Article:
In a word, yes. The idea here is that you’ll create a low maintenance way to trim a whole bunch of avatars. Imagine that you have users upload their own images to a profile, instead of writing a bunch of code that attempts to trim that photo to the shape you want it to be, you can merely upload a single mask image and apply it to all of the avatars across the site with a quick line of CSS.

Pros and Cons

The benefit that this method has over what we’re going to try next is that it looks pretty good on non-webkit browsers. The avatar shows up just fine, it’s simply not masked. Given that the mask is just a little extra visual fluff, this isn’t a huge deal.

The downside, aside from the Webkit only aspect, is that it takes a bit of setup getting the various image and mask files in order.

Method 2: Background-Clip Text

Now that we’ve seen the safe route, let’s use a completely different and more experimental tactic to achieve a similar effect. This time we’re going to use text to generate the mask shapes, then clip our images to the text.

Grab a Photo and an Icon

To begin, follow the instructions above for choosing a good avatar photo, then find an icon that you’d like to use for the mask. There are lots of free icon fonts that would work great with this technique. Alternatively, you could simply grab a standard HTML symbol, which is what I’ll be doing today.

Check out CopyPasteCharacter for a huge list of potential characters and icons that you can use.



This time around, all we need in our HTML is a piece of text. I’ll use an h4, but you can use anything you want.

Notice that the text here is pretty funky looking. These are the escape codes for a diamond, star and heart.


Now it’s time to style these shapes with the appropriate background image. We can use webkit-background-clip with a value of text to use the contents of our h4 as as mask for the background image that we apply.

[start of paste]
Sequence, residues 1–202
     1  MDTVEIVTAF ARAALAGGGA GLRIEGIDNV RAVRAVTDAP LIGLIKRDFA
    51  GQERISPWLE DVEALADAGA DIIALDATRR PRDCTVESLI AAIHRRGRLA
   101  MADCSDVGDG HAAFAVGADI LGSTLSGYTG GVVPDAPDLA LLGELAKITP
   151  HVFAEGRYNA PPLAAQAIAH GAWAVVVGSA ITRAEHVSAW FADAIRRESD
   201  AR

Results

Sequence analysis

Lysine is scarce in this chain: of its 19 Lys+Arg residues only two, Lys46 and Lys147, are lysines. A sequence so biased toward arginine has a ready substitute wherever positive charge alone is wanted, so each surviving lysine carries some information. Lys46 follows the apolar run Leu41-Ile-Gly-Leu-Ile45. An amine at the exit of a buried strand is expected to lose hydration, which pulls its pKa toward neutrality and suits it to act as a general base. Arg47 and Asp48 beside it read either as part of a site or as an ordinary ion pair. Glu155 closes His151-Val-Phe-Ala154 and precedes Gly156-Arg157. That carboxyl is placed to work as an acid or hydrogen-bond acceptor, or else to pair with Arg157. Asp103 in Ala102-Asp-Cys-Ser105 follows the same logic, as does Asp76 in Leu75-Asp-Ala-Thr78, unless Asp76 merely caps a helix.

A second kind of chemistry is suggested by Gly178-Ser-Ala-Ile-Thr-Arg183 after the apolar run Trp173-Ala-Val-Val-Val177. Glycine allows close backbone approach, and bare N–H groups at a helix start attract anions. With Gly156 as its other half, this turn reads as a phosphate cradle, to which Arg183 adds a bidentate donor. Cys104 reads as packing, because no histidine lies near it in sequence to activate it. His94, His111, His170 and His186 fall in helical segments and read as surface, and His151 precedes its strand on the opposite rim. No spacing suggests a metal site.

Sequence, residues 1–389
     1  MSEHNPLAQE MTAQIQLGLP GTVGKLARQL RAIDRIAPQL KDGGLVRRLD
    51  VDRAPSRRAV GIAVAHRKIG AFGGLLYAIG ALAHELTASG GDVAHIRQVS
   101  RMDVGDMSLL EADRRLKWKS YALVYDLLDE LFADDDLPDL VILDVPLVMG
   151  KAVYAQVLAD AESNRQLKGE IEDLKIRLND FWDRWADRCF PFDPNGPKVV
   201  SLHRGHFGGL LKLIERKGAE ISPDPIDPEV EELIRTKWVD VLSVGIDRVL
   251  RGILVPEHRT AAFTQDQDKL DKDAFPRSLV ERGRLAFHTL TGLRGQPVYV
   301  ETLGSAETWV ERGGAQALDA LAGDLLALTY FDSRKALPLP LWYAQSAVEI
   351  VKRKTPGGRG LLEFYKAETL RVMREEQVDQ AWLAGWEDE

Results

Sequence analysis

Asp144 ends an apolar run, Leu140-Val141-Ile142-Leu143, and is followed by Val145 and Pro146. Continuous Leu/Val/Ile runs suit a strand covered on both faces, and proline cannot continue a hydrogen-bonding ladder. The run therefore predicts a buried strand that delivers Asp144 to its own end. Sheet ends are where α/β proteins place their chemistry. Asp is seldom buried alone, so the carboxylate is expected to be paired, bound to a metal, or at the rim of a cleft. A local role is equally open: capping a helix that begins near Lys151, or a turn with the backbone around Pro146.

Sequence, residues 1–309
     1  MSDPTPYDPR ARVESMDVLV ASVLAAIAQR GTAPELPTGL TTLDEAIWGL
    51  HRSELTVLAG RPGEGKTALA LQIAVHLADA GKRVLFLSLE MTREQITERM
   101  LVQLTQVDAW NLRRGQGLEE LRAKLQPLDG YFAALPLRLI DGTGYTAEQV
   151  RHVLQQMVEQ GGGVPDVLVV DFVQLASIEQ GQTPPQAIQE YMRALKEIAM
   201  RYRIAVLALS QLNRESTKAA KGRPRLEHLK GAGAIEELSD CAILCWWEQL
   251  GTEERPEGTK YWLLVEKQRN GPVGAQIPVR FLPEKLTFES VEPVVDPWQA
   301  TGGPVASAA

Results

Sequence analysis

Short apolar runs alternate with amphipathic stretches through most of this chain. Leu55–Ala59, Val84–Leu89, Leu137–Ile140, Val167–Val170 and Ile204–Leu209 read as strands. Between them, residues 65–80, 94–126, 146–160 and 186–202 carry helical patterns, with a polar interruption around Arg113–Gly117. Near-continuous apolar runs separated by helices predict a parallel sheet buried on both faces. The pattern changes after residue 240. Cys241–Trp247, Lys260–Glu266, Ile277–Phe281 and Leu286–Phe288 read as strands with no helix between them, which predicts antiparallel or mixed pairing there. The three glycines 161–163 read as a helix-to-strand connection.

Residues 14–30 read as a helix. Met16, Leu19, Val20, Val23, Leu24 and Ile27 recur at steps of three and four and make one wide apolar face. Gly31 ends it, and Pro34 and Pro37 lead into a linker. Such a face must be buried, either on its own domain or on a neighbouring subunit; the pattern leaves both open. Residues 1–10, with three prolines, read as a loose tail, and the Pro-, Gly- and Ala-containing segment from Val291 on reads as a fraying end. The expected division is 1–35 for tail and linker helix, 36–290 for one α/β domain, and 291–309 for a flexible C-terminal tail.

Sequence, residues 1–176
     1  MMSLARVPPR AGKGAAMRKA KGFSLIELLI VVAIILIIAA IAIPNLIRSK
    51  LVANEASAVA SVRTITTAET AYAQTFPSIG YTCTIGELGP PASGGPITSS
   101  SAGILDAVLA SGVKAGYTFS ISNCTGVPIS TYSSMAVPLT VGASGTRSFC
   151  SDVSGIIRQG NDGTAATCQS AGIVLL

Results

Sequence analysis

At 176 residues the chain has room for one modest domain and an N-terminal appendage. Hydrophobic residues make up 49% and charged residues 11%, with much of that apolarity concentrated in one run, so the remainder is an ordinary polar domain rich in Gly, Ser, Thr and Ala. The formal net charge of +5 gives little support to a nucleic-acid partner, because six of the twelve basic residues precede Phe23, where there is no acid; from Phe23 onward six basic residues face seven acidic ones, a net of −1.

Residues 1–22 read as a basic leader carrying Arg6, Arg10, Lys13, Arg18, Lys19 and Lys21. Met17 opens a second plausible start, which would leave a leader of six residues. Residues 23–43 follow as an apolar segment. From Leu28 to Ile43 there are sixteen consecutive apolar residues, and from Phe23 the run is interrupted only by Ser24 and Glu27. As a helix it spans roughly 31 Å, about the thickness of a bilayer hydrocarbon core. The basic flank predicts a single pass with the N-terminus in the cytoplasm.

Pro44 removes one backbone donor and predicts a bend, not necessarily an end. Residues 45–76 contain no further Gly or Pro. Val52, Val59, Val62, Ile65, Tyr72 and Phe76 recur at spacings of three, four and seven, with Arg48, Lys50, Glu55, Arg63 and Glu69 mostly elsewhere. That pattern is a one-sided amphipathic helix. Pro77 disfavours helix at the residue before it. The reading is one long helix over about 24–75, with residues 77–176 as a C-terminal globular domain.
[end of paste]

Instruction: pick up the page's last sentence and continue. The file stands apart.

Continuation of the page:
As you can see, we’re setting the background images to not repeat and using positioning values to nudge the images into a spot where the faces are in a good place. This is a bit of a trial and error process, just fiddle with the values until you get something you like.


As you can see in the demo, each escape code generated a different shape, which was then used to mask the image that we placed behind it.

Demo: Click here to launch demo.


Pros and Cons

Given that icons are so versatile, it’s really easy to pull of a lot of different shapes using this method. It’s arguably even easier to set up than the previous method and is primed for variation.

That being said, non-Webkit browsers really destroy this one. Chris Coyier has a suggestion for using background-clip with Modernizr for an acceptable fallback, but it merely shows the text without the image, which isn’t the best option for avatars.


In the next few years, we can likely expect to see web apps increase the variation of avatar shapes. Unfortunately, for the time being, CSS isn’t really the best way to go about achieving this effect.

If you are intent on moving forward with something like this though, my suggestion would be to use Webkit masks, simply because everything should still look decent if and when they fail on other browsers.